The survey readings built hope, but "hard data" from the eurozone brought the market down to earth. The end of the year was markedly weaker than expected, and anxiety about the impact of the Chinese virus on the economy may kill belief in a recovery in the first part of the year. The zloty continues its decline: EUR/PLN climbs over 4.30.
It was expected to be bad, but not so much
The picture of economic recovery in the euro area is starting to look blurry. After optimistic signals from the survey indicators of economists, consumers and entrepreneurs, we have learned hard data from statistical offices, which is much less optimistic.
The French economy contracted unexpectedly by 0.1% in Q4, against expectations of growth of by 0.2%. This is the first drop in GDP in quarterly terms during Emmanuel Macron's presidency (and the first since Q2 2016). Compared to the last quarter of 2018. France grew at 0.8%, also clearly below market expectations by 0.4 pp. The data from Italy were in a similar tone. Quarterly decline in GDP by 0.3% was the biggest since 2013 (it was expected to grow by 0.1%), and in annual terms it remained unchanged (the market consensus was that it would grow by 0.3%).
The positive part of today's publications were data from Spain, where the economy grew in Q4 at 0.5% on quarterly basis and 1.8% on a yearly basis — both 0.1 pp above expectations. However, this was too little to support data for the entire euro area. According to preliminary Eurostat data, GDP increased in Q4 at a quarterly rate of 0.1% and 1.0% on a yearly basis - both 0.1pp below estimates. As a result, the euro area grew at the end of the year at its slowest pace since 2013, both in quarterly and annual terms. The stronger-than-expected economic slowdown at the end of the year underlines the problems that the eurozone economy has been struggling with throughout the year: global slowdown, mini-recession in the industrial sector and the negative impact of tariffs spat between the US and China.
In the past few days or even weeks, relatively optimistic macro data from Germany had been published. Meanwhile, the retail sales data for December published this morning have already fitted into the downward trend of today's macro readings. The drop in sales by 3.3 percent (adjusted for seasonal factors) was the largest monthly decline since 2007 (market consensus indicated a drop of 0.5%). On an annual basis, it was not better: a 0.8 percent increase in sales compared to December 2018 also turned out to be clearly below expectations at 4.5 percent.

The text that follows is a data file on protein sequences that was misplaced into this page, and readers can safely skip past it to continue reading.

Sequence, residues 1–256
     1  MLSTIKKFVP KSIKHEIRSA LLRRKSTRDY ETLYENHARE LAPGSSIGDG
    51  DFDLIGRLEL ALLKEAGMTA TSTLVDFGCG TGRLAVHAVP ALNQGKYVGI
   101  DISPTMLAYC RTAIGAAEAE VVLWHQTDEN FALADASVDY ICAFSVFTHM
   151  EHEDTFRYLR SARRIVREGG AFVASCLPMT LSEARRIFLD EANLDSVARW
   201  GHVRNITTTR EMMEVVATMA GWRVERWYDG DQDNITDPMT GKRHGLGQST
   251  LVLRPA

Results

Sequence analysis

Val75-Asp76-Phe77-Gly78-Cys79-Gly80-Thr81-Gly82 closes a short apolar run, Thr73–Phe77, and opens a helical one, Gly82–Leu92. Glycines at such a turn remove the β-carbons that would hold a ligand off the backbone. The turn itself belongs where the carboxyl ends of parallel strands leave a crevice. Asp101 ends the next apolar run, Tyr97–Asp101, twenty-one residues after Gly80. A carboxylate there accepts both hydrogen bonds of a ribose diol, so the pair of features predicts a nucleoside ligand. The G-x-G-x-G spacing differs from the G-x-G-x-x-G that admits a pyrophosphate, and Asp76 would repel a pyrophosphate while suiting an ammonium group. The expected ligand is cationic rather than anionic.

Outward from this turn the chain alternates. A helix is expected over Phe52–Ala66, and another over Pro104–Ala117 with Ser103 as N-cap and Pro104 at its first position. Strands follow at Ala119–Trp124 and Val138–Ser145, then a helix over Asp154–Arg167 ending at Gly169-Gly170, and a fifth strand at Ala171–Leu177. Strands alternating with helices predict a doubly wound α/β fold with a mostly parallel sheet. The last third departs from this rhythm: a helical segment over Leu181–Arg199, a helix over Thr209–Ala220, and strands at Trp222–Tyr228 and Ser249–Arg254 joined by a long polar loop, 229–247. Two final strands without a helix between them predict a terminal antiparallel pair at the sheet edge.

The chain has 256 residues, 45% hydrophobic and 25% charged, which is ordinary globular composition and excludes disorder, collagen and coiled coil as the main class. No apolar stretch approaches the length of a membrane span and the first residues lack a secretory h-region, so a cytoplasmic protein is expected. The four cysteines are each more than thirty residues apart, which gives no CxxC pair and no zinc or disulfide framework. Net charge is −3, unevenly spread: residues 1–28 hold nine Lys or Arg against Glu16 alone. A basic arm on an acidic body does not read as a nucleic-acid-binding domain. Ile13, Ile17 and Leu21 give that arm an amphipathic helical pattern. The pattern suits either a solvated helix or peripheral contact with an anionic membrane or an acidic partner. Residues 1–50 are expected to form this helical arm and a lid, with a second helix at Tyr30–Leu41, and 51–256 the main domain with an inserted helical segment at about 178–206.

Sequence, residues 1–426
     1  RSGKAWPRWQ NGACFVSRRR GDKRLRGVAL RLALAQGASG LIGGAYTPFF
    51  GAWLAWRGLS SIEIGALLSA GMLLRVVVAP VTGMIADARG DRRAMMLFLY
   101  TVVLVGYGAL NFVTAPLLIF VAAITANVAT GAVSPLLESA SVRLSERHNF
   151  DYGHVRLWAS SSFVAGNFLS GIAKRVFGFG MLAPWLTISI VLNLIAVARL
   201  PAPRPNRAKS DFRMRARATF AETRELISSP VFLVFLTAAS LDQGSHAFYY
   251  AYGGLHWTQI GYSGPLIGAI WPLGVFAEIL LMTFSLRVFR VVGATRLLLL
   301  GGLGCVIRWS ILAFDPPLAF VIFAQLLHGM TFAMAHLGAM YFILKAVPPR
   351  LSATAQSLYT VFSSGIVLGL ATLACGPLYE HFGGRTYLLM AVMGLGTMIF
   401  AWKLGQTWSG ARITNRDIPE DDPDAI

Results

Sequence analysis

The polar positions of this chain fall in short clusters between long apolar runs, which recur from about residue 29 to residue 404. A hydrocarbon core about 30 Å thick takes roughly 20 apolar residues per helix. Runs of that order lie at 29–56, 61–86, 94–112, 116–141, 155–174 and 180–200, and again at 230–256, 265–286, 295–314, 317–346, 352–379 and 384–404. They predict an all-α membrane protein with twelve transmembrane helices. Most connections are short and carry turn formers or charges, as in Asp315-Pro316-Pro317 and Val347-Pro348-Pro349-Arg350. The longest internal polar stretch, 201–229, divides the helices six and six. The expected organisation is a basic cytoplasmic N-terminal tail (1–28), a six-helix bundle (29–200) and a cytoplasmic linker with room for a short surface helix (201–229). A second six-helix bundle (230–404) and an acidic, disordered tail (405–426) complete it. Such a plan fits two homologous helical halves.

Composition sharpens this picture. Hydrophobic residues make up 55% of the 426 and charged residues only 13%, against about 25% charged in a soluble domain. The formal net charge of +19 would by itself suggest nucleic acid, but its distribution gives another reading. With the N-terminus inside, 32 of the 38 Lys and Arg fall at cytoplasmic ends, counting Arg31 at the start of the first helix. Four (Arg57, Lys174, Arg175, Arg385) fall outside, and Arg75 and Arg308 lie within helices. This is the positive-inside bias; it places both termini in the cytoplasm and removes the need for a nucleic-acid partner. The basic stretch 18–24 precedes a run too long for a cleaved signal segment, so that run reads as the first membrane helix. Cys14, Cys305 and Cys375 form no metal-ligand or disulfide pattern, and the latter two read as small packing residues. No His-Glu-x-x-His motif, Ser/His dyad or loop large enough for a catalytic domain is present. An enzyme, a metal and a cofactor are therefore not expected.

The inflation in December was also an important addition to the dismal end-of-year economic data from the euro area. While the main reading turned out to be in line with expectations and amounted to 1.4% y/y, the much more important core index (excluding the most volatile factors) was at 1.1%. This is 0.1 pp below expectations and 0.2 pp below November's level.
Even bigger disproportion between the US and the Eurozone
Economists' expectations assume that the European Central Bank (ECB) will not raise interest rates until the end of 2021, but the lack of inflationary pressure in the region coupled with weak macro-readings increases the imbalance between the US and euro area economies. In the USA we also do not observe inflationary pressures, but inflation is clearly closer to the Federal Reserve's inflation target. In addition, the U.S. economy is growing at a faster pace — published yesterday growth of 2.1% in Q4 exceeded expectations by 0.1 percentage point.
This imbalance should maintain the relatively strong condition of the dollar as we are currently observing in relation to the euro. The EUR/USD continues to fluctuate just above the 1.10 mark. If we look at market expectations, an exchange rate of about 1.16 is expected at the end of the year (average of financial institutions' forecasts according to Bloomberg). At present, this scenario does not materialize, and although it is possible that demand for the euro against the dollar will increase later in the year, developments in the market do not give too many arguments for a weakening of the dollar, especially now that more information about the spread of the Chinese virus is coming in. They naturally increase the uncertainty in the market, which allows to keep the demand for the dollar as well as for other assets perceived as safe havens at a high level.
Nothing good for the zloty
Weak data from the Eurozone, a worsening of market sentiment in connection with the Chinese virus and, as a result, the appreciation of the dollar — all these factors have a negative impact on EM currencies, including the zloty. The Polish currency is under pressure today as it has been the whole week. The EUR/PLN pair exceeded 4.30 for the first time since 2nd December, USD/PLN fluctuates around 3.90, CHF/PLN remains above 4.00 (at approx. 4.02) and GBP/PLN on the day the United Kingdom left the EU ranks increased.
Zloty is currently primarily influenced by external factors, like other emerging country currencies. The negative conjuncture of these factors, combined with a slight miss of the (preliminary) GDP data for 2018 in Poland, is likely to keep the zloty in a weaker condition in the coming weeks, probably until the anxiety about the virus from China reaches its peak.